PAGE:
Our Lake – Our Future

 

In 2017, the City of Whitefish, Montana State Parks and WLI partnered to bring the robust Our Lake, Our Future: 2020 Whitefish Lake Aquatic Invasive Species Management Program to fruition. The goal of this program is to safeguard Whitefish Lake and downstream water resources from the introduction of AIS. The clean and healthy water of Whitefish Lake provides many recreational opportunities such as swimming, boating, and fishing; and serves as a drinking water supply for the City of Whitefish during part of the year. It also imparts extensive economic value to the entire community of and surrounding Whitefish, creating an attractive place to live, work, and recreate. 

City of Whitefish AIS Program & Online tests
[Once on City Beach web page, look to left navigation bar to learn more about Watercraft Inspections &Decontamination as well as AIS Self-Certification]
History of AIS Programming in Whitefish
Whitefish is perhaps the most progressive community in the state of Montana in addressing AIS issues. Since 2013, WLI has drafted and implemented a Whitefish AIS Management Plan that the Whitefish City Council has approved and funded. Each year, there are various tasks completed for early detection, monitoring and prevention. Some of these tasks include the Whitefish City Beach Watercraft Inspection Station and early detection monitoring of zebra mussels from environmental DNA (eDNA) analysis. Due to the generosity of the Joe and Cindy Gregory Family (WLI Members), an official watercraft inspection station was constructed at City Beach.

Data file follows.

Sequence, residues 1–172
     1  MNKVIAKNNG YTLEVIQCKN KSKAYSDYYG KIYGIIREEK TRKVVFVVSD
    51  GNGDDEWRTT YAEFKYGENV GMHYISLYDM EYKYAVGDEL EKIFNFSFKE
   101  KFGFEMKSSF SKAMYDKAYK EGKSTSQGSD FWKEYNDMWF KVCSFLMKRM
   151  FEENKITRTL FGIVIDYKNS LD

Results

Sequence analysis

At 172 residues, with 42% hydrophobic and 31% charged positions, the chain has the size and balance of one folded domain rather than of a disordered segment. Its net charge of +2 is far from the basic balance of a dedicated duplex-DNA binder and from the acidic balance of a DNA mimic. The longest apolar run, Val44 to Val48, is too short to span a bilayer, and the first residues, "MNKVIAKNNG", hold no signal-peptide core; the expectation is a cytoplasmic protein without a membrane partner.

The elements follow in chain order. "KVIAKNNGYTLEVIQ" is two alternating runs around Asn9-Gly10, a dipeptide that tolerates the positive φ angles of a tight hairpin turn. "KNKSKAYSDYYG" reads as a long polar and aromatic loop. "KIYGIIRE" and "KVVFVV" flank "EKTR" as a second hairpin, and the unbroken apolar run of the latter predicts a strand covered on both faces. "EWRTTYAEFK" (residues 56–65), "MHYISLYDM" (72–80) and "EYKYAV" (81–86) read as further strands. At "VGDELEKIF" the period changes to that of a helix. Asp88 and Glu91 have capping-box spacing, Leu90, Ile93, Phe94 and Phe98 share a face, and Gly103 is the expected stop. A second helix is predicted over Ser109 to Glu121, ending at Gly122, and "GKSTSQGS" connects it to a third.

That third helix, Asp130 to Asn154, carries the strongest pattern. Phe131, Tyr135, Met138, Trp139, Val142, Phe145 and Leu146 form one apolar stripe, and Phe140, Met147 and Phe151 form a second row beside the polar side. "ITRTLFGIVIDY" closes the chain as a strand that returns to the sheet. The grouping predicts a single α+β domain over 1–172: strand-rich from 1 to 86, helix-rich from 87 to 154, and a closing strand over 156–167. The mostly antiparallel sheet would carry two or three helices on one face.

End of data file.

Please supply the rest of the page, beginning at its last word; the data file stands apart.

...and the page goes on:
One previous gap for Whitefish Lake had been the lack of a watercraft inspection station at State Park. WLI partnered with Montana State Parks and the Montana Department of Natural Resources and Conservation (DNRC) to coordinate and implement a watercraft inspection capability there. Additionally, WLI continues to consult with AIS partners including MFWP, DNRC, University of Montana, and the Conferderated Salish and Kootenai Tribes as we go through the annual planning process. The City of Whitefish Community Services Coordinator, WLI’s Executive Director, and WLI’s Science and Education Director also received upper level watercraft inspection and decontamination training. WLI’s annual AIS Management Plan proposal to City Council remains adaptive in addressing the increased threat to our lake and community. In 2017, with funding provided by the Whitefish Community Foundation, WLI purchased a decontamination unit and associated safety equipment.

Since 2011, WLI has also partnered with MFWP to coordinate, administer, and train volunteers for the Northwest Montana Lakes Volunteer Monitoring Network. Through that program, volunteers collect water quality and AIS early detection samples from over 40 lakes in northwest Montana. That early detection sampling includes looking for the microscopic juvenile “veliger” stage of zebra mussels. Unfortunately, there is no perfect tool or set of tools in our toolbox to totally eliminate the AIS threat to Whitefish Lake. That’s why we need help from the public to clean, drain and dry your watercraft and equipment after each use.